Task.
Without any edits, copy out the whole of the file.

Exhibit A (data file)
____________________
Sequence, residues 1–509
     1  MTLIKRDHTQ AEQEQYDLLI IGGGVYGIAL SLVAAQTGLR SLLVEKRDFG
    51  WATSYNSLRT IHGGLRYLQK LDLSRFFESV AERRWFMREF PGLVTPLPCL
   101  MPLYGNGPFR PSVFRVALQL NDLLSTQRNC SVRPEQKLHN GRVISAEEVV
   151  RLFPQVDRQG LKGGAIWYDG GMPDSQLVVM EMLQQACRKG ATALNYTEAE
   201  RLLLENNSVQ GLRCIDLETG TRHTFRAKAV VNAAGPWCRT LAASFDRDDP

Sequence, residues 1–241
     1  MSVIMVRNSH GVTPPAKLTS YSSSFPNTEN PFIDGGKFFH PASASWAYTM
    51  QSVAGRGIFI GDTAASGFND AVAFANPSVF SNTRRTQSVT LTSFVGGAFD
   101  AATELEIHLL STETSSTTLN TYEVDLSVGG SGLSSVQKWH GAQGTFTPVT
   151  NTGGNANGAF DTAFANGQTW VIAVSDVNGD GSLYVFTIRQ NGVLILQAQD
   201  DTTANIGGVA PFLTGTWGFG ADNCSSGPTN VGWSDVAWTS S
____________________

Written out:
Sequence, residues 1–509
     1  MTLIKRDHTQ AEQEQYDLLI IGGGVYGIAL SLVAAQTGLR SLLVEKRDFG
    51  WATSYNSLRT IHGGLRYLQK LDLSRFFESV AERRWFMREF PGLVTPLPCL
   101  MPLYGNGPFR PSVFRVALQL NDLLSTQRNC SVRPEQKLHN GRVISAEEVV
   151  RLFPQVDRQG LKGGAIWYDG GMPDSQLVVM EMLQQACRKG ATALNYTEAE
   201  RLLLENNSVQ GLRCIDLETG TRHTFRAKAV VNAAGPWCRT LAASFDRDDP

Sequence, residues 1–241
     1  MSVIMVRNSH GVTPPAKLTS YSSSFPNTEN PFIDGGKFFH PASASWAYTM
    51  QSVAGRGIFI GDTAASGFND AVAFANPSVF SNTRRTQSVT LTSFVGGAFD
   101  AATELEIHLL STETSSTTLN TYEVDLSVGG SGLSSVQKWH GAQGTFTPVT
   151  NTGGNANGAF DTAFANGQTW VIAVSDVNGD GSLYVFTIRQ NGVLILQAQD
   201  DTTANIGGVA PFLTGTWGFG ADNCSSGPTN VGWSDVAWTS S